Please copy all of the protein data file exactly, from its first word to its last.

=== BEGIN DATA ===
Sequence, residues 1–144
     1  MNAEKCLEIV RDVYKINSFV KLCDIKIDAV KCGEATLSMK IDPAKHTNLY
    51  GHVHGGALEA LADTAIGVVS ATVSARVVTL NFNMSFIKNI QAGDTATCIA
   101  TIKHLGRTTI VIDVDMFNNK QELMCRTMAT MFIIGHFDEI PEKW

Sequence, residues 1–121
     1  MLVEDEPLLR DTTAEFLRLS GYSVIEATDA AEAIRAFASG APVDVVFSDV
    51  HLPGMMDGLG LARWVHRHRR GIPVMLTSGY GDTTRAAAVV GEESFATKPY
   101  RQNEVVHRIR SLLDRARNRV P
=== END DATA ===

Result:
Sequence, residues 1–144
     1  MNAEKCLEIV RDVYKINSFV KLCDIKIDAV KCGEATLSMK IDPAKHTNLY
    51  GHVHGGALEA LADTAIGVVS ATVSARVVTL NFNMSFIKNI QAGDTATCIA
   101  TIKHLGRTTI VIDVDMFNNK QELMCRTMAT MFIIGHFDEI PEKW

Sequence, residues 1–121
     1  MLVEDEPLLR DTTAEFLRLS GYSVIEATDA AEAIRAFASG APVDVVFSDV
    51  HLPGMMDGLG LARWVHRHRR GIPVMLTSGY GDTTRAAAVV GEESFATKPY
   101  RQNEVVHRIR SLLDRARNRV P